...every doll is not made for children.
This was originally published February 17, 2013, but since I have been on a semi-blog-writing hiatus, I wanted to offer something until writing resumes on a more regular basis.
|Do these all look like Barbies to you? From left-to-right they are, I can be President Barbie; repainted one-of-kind Barbie by Chynadoll Creations (meant for the adult collector); High Brow Adèle by Integrity Toys (an adult collectible doll); and Esmé, a 16-inch fashion doll by Robert Tonner (adult collectible).|
I was prompted to sit down and compose this post after reading an article dated February 16, 2013, that refers to an Integrity Toys Adèle from 2004 as a Barbie, designed for child's play. In the article, entitled,"Image of New Black Barbie Doll Sparks Outrage," the author writes:
An image of a brown Barbie doll has surfaced on the Internet, causing people to question whether or not it is supposed to be the next African-American Barbie. The doll is sporting blonde hair, gold chains, cleavage, and two bags that are strikingly similar to the Louis Vuitton monogram multicolor collection.
The doll and the author's opening statement as well as many of the comments (excluding a few), which were apparently posted by non-collectors, caused me to wonder why the non-collecting community is so misinformed about dolls in general and why every fashion doll is incorrectly identified as Barbie.
First of all, there are many doll categories. Some of these are listed and defined below:
- Antique - According to the United Federation of Doll Clubs (UFDC), a doll of at least 75 years; other authorities define antique dolls as dolls of at least 100 years.
- Art - Dolls created by artists and intended as expressive and unique art objects rather than children's toys.
- Artist - Dolls made by doll artists, usually in limited editions or as one of a kinds (OOAKs), for adult collectors
- Collectible - Dolls designed for adults who collect dolls as a hobby.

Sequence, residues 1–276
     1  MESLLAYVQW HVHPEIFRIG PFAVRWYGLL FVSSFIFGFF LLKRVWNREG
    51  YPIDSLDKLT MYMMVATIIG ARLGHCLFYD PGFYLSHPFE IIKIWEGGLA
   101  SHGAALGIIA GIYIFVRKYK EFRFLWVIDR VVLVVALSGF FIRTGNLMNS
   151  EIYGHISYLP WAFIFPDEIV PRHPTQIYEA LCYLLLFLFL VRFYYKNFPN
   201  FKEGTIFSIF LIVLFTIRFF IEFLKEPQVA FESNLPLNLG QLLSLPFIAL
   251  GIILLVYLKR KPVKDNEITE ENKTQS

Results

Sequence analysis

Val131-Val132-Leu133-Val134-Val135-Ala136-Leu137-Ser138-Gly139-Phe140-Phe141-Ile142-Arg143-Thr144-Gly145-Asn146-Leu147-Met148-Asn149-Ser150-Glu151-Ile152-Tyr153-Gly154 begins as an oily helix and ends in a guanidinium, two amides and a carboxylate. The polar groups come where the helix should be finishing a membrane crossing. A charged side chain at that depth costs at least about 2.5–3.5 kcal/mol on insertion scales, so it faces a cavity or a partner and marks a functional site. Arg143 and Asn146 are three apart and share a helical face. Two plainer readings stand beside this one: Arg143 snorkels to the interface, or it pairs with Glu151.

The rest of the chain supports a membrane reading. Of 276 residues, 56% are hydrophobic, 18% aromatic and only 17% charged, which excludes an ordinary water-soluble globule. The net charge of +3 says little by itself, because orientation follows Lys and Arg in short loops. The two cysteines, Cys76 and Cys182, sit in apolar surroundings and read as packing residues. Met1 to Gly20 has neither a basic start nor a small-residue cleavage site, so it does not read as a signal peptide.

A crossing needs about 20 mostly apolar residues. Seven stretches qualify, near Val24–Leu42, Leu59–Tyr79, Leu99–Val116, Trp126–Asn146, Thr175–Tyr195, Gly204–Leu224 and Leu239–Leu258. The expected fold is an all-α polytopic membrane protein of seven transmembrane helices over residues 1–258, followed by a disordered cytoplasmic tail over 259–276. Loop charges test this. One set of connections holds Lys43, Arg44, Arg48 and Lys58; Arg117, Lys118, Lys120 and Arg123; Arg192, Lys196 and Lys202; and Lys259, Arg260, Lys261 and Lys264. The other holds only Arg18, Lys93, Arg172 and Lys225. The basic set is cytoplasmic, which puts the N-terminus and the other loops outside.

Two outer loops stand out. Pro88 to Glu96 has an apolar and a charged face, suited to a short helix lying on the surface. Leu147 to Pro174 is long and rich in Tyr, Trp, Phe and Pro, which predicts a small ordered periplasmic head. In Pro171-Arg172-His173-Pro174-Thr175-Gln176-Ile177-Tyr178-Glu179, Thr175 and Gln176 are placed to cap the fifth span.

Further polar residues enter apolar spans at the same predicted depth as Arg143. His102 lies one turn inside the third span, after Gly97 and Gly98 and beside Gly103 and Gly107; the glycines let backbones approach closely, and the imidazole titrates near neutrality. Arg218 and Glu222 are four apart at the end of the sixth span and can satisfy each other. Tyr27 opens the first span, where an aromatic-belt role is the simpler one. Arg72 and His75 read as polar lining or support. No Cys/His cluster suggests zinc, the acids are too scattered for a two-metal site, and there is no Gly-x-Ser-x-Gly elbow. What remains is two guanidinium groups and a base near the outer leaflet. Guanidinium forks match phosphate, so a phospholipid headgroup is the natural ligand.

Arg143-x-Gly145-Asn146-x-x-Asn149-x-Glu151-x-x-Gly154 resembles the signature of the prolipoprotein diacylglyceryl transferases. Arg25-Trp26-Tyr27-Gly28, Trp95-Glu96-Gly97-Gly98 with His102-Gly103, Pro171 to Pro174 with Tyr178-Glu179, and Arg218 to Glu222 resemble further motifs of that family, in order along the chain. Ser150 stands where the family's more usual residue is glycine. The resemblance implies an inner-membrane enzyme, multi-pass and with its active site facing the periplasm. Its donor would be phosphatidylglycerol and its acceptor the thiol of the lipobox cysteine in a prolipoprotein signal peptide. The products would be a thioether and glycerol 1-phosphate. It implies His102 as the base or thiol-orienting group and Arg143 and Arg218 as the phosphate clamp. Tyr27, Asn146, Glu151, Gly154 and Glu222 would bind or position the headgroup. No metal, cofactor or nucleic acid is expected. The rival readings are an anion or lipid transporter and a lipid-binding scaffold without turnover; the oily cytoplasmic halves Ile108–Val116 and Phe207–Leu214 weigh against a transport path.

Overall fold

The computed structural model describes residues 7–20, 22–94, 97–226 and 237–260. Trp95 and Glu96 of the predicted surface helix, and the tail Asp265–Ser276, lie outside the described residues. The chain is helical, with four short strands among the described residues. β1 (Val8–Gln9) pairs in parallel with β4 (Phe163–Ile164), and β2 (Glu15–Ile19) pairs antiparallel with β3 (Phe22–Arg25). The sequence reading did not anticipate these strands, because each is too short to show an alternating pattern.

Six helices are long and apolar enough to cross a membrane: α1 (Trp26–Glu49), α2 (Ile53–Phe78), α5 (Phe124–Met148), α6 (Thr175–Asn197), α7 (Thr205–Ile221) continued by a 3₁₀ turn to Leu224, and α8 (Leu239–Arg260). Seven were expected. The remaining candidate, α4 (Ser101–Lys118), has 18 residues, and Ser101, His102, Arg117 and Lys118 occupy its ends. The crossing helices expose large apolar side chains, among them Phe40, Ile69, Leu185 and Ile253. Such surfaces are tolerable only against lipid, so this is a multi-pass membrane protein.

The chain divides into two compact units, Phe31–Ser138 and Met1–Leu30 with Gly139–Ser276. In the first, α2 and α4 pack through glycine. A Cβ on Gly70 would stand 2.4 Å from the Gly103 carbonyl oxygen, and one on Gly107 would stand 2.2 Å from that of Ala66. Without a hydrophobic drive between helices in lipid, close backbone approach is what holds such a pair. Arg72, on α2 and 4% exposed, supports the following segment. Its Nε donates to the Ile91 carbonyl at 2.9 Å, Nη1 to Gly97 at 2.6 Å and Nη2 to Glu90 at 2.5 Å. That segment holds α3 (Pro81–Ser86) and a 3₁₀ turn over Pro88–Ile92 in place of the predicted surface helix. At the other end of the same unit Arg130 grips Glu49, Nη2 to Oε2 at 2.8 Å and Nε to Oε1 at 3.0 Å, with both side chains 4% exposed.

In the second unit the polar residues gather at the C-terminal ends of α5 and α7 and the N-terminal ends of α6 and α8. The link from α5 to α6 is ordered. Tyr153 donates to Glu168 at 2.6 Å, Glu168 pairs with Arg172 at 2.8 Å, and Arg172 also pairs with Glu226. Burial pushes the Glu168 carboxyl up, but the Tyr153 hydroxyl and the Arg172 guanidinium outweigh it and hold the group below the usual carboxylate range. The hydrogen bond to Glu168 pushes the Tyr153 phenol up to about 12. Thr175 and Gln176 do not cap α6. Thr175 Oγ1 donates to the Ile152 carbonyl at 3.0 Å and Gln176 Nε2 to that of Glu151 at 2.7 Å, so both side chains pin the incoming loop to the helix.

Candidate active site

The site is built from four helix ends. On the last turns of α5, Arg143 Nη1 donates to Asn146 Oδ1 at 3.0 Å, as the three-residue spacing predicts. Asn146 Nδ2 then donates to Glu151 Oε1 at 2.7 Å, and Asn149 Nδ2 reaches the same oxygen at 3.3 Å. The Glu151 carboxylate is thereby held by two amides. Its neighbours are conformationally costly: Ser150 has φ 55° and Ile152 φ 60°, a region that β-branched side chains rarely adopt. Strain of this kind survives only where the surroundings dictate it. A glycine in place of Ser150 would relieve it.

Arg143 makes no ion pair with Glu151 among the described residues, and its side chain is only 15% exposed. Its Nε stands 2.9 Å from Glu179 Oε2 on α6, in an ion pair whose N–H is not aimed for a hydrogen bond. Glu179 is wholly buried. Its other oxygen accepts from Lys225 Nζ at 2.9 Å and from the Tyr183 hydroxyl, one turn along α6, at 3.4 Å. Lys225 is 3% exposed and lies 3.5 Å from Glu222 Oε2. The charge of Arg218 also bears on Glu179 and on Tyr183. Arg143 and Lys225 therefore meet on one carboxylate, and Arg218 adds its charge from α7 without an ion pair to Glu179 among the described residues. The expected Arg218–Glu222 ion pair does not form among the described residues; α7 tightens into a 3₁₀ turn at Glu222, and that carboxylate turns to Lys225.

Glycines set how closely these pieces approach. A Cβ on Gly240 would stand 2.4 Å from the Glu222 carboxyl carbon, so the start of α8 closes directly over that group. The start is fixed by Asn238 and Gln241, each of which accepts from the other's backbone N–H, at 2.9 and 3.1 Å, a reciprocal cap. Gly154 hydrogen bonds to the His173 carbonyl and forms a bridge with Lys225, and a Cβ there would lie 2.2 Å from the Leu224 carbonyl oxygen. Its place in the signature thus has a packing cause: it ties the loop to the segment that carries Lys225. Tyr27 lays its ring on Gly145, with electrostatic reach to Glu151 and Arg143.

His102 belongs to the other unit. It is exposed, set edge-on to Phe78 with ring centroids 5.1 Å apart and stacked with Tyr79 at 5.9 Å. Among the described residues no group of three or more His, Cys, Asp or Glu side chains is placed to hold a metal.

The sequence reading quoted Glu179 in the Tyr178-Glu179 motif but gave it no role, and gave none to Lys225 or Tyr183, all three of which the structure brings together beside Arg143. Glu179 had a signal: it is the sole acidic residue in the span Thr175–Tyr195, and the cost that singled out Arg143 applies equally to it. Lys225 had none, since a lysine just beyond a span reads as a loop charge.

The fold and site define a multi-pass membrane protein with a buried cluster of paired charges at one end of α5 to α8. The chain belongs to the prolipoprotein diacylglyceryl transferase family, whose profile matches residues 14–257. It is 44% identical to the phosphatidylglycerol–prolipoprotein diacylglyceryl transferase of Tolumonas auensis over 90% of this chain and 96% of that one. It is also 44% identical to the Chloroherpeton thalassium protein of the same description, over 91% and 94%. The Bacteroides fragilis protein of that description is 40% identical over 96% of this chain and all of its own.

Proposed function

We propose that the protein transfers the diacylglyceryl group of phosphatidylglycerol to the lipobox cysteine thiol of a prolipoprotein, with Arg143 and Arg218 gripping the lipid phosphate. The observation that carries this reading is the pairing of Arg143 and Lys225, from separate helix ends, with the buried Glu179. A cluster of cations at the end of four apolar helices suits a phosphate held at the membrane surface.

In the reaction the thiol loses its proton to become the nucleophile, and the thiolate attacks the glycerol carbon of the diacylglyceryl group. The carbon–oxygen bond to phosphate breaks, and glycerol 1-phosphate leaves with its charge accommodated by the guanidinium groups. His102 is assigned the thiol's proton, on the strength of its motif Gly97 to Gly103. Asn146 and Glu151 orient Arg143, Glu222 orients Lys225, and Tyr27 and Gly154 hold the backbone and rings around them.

- Fashion - Dolls dressed in trendy or haute couture-like fashions, made for children as well as adult collectors.
- Modern - Dolls made from 1960s through present (this definition can vary).
- One-of-a-Kind (OOAK): Dolls made in an edition of 1 by doll artists; can also be an artist or manufactured doll repainted by a repaint artist; in essence only one of the doll in its present state exists.
- Playline - Dolls fashioned as a child's toy.
- Reborn - Dolls that originated as baby dolls sculpted by a doll artist which are later fashioned to look like real babies using painting, hair re-rooting, and other techniques developed by reborn artists.
- Repaints - Artist or manufactured dolls used as a canvas by repaint doll artists who add realism through repainting the facial features and skin tones, and/or changing the hair by re-rooting or re-wigging, resulting in one-of-a-kind dolls because no two will ever look alike.
- Vintage - Dolls made prior to the 1960s (this definition may vary based on doll type).
While Barbie maintains the highest profile worldwide among fashion dolls, not every fashion doll is a Barbie. I might also stress that while Mattel (the manufacturer of Barbie and her host of friends) creates dolls for children sold by toy retailers and through their own online website, every Barbie is not designed for child's play. There are playline Barbies as well as several collectors editions.
For misinformed non-doll collectors and parents who often display a knee-jerk reaction to dolls designed for adults, please relax-relate-release. Just because you see a fashion doll that you think is a Barbie made for children that portrays an image that you deem inappropriate for a child, in most situations the doll was fashioned for adult collectors by a manufacturer or doll artist other than Mattel. There is no need to start a campaign against the doll or manufacturer or to create an otherwise pseudo-controversy, as in the case of the Django Unchained movie-memorabilia-action-figures-made-for-adults fiasco.
|No, we are not all Barbies and only one of us is a child's toy!|
The bottom line is this: Just because a three-dimensional, inanimate object is defined as a doll does not mean that object was intended for child's play. If you are not a doll collector and you see a doll that raises your eyebrows or causes you to wonder what the doll maker was thinking, ask an authority on the subject before jumping to an inflammatory (and often incorrect) conclusion.
Click here to view the doll (Perfect Skin Adèle Makéda) designed by Jason Wu for Integrity Toys in 2004 and the article that sparked this post.
Doll Terminology Resources (other than my own):
Doll Glossary: Words About Dolls and Doll Collecting by Shirley E. Childers (Kindle book)
What is an Antique Doll